Swedish climate activist Greta Thunberg said she expects to arrive in New York tomorrow, completing her zero-carbon Atlantic crossing on a yacht.
The Malizia II racing yacht, skippered by Pierre Casiraghi, the son of Monaco's Princess Caroline, and German round-the-world sailor Boris Herrmann, left Plymouth in southern England on 14 August for a two-week voyage in order to enable the Swedish teen to attend a UN summit on zero emissions in New York.
The 16-year-old, whose school strikes have inspired children across the world to protest against global warming, refuses to fly because of the carbon emissions caused by planes.
Today, the sailboat was nearing the US coast with strong downwinds.
"Strong winds are pushing us west. We expect to arrive at North Cove Marina in Manhattan, New York sometime Tuesday afternoon or evening," Thunberg wrote on Twitter.
In a video post published late Sunday, she said the boat was travelling at "between 20 and 25 knots" and it was "very rough, and very high waves."
Day 12. We are getting closer to the North American mainland. Rough conditions, but downwind sailing. pic.twitter.com/n9huwHUSGI— Greta Thunberg (@GretaThunberg) August 25, 2019
The teen marked the first anniversary of the start of her school strike on 20 August.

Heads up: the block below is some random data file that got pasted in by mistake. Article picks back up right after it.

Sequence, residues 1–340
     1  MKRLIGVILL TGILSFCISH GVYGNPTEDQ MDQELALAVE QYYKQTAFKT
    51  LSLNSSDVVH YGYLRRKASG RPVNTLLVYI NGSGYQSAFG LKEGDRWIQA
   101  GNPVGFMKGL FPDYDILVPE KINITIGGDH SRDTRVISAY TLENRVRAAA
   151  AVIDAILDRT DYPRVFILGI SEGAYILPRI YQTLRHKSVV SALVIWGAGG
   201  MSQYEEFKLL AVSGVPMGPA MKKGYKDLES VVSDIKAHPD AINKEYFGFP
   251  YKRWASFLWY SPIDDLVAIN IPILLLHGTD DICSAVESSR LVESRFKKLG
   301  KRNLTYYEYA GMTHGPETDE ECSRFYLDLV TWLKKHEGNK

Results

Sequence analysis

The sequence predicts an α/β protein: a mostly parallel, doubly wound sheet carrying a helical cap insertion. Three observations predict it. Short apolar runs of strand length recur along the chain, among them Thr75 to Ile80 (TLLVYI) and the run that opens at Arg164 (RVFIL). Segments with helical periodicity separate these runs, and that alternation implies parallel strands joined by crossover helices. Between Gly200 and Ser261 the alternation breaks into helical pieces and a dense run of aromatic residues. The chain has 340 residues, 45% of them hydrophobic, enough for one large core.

She began sitting outside the Swedish parliament in August 2018 to raise the awareness of members of parliament to the urgency of climate change.
She was swiftly joined by other students around the world, as word of her strike spread through the media, and the "Fridays for future" movement was born.
The 18-metre yacht features state-of-the-art solar panels on its deck and sides while there are two hydro-generators which together provide all the electricity needed on board.
Her voyage has however sparked controversy after a spokesman for Herrmann, the yacht's co-skipper, told Berlin newspaper TAZ that several people would fly into New York to help take the yacht back to Europe.
Mr Hermann himself will also return by plane, according to the spokesman.
Team Malizia's manager insisted however that the young activist's journey would be climate neutral, as the flights would "be offset."
Greta has meanwhile said that she doesn't yet know how she will return to Europe when the time comes.